Pennsylvania Adopts 2018 IECC: How Residential Energy Code is Impacted 

Pennsylvania Adopts 2018 IECC: How Residential Energy Code is Impacted 

The Pennsylvania (PA) Uniform Construction Code (UCC) Review and Advisory Council (RAC) has reviewed and adopted the 2018 International Energy Conservation Code (IECC). The 2018 IECC will take the place of the PA-amended version of the 2015 IECC. There is a six-month grace period during which projects in Pennsylvania can still comply with the PA-amended version of the 2015 IECC. The grace period applies to projects with design or construction contracts signed prior to February 14, 2022, and permits applied for by August 14, 2022. If your project is contracted after February 13, 2022, or permitted after August 14, 2022, the 2018 IECC will be required.  


Envelope Leakage Test Limit Reduced from 5 ACH to 3 ACH 

Although most of the changes to both commercial and residential sections are incremental, the residential section of the 2018 IECC includes one significant change from the PA-amended version of the 2015 IECC. Unlike during the last code cycle, when PA amended the 2015 IECC to allow five air changes per hour (ACH), PA adopted the 2018 IECC without any weakening amendments to the envelope leakage section. All buildings that meet the IECC definition of residential building are required to have an envelope leakage (blower door) test performed verifying no more than three ACH before the certificate of occupancy is issued. This 40% reduction in allowable air leakage is very impactful and requires planning.   

An envelope leakage test measures how much air is escaping the building or dwelling unit, quantifying the airtightness. To perform the test, an energy professional such as a HERS Rater or Rating Field Inspector closes all windows and follows the ASTM testing standard outlined in the code to seal any applicable penetrations. The energy professional then sets up one or more calibrated fans using a metal frame and cloth shroud in an exterior door. The building or dwelling unit is then depressurized to an industry-standard pressure to measure the leakage.  


Per Building Vs. Per Unit Testing 

The IECC allows testing the building as a whole or each dwelling unit individually. For multifamily buildings, the type of envelope test can be a difficult choice. Per building tests are typically preferable for achieving low envelope leakage. However, the test can become expensive and impractical if the building envelope cannot be pressurized from a fan at one location. For example, an apartment building with a common entrance and hallway will be relatively easy to test as a building. Per building envelope testing might not be feasible if there is no common hallway and each apartment has an entrance directly to the exterior. Additionally, the construction schedule needs to allow all units to be completed simultaneously to test per building.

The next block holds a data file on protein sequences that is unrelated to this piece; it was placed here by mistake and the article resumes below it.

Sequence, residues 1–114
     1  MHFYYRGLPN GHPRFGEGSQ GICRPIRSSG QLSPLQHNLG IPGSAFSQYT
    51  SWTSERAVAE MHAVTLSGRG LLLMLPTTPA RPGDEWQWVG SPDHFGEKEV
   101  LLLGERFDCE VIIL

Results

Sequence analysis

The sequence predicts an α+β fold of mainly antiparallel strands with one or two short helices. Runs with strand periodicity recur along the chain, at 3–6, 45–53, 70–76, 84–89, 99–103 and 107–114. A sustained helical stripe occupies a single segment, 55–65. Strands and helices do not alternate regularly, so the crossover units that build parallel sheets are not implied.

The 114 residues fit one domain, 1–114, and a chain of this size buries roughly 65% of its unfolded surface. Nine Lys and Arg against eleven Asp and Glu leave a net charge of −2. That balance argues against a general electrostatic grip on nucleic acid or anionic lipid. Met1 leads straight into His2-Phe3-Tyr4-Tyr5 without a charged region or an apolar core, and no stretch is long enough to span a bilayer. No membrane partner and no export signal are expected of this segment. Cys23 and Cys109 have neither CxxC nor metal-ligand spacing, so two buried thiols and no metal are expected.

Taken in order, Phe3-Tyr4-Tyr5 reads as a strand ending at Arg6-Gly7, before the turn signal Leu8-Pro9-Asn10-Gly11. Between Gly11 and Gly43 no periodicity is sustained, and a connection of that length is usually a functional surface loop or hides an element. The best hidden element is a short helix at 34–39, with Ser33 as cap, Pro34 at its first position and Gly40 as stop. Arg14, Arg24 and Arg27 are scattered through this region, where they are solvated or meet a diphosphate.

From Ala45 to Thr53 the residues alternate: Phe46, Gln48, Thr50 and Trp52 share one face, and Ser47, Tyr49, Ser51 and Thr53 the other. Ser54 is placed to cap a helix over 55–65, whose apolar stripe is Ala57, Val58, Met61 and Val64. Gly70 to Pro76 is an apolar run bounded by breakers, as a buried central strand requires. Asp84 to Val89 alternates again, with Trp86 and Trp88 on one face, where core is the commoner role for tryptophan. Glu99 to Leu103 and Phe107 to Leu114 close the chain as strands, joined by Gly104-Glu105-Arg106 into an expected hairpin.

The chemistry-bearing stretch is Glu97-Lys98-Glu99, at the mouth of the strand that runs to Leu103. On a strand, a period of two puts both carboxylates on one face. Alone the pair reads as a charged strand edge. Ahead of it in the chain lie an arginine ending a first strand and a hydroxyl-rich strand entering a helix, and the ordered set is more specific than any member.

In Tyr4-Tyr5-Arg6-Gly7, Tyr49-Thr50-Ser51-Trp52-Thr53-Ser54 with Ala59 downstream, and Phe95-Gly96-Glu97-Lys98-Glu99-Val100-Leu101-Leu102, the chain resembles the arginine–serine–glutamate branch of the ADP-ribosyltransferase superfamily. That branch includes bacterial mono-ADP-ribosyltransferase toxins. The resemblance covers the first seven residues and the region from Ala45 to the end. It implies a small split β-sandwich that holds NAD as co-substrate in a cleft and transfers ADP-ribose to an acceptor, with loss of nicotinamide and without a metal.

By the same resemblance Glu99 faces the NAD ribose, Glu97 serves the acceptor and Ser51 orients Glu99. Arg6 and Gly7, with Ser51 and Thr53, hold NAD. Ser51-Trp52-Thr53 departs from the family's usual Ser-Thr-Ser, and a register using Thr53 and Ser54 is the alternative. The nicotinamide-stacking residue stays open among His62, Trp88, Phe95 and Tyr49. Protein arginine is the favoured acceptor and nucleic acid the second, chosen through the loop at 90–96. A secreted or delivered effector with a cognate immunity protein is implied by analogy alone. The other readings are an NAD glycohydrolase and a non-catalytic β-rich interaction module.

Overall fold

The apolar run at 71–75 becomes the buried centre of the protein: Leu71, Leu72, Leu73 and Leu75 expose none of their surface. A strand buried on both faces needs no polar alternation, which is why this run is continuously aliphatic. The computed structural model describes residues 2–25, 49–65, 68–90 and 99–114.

Historically, many Pennsylvania builders have preferred per unit envelope leakage testing under the PA-amended version of the 2015 IECC since it is more cost-effective and straightforward than per building testing. However, per unit testing poses challenges under the new 3 ACH threshold in the 2018 IECC. Achieving 3 ACH with per unit testing can be quite difficult in multifamily residential buildings. Leakage at the party wall is common and hard to control. Party walls are designed to prevent fire from spreading from one unit to another. Due to the fire code, insulation and air barrier options are limited for party walls, thus allowing for more air exchange. This results in higher air leakage, making achieving the 2018 IECC limit with per unit testing a significant challenge. 

Pennsylvania builders are left to choose between feasibility and cost-effectiveness regarding the 3 ACH limit in the 2018 IECC. To increase your chances of achieving 3 ACH, see the list of tips below. 


Tips for Passing the Envelope Leakage Test 

  • Have a trained energy professional such as a HERS Rater or Rating Field Inspector inspect air sealing details before installing drywall. 
  • Start early when you still have a margin for error. Utilize homes permitted under the PA-amended version of the 2015 IECC to understand what additional work will be required for achieving the 2018 IECC standards.  Don’t wait until it counts to start your learning curve. 
  • The design team must consider the new testing requirements when specifying products. Designing more robust exterior air barriers will help your envelope leakage test results.  Designing more robust exterior air barriers will help your envelope leakage test results. 
  • Ensure that your plans and contracts have notes for envelope leakage testing to ensure that the project team is aware of these requirements at the start of the project.  
  • For more complex buildings, an envelope plan review can be useful to address any potential leakage points and ensure that the plans reflect all details necessary to pass the envelope leakage test. 
  • Poorly sealed top plates can lead to air leakage. Ensure the top plate is sealed properly.
  • To learn more, see our video about air sealing solutions. Although it mentions the 2015 IECC, the content applies to the 2018 IECC.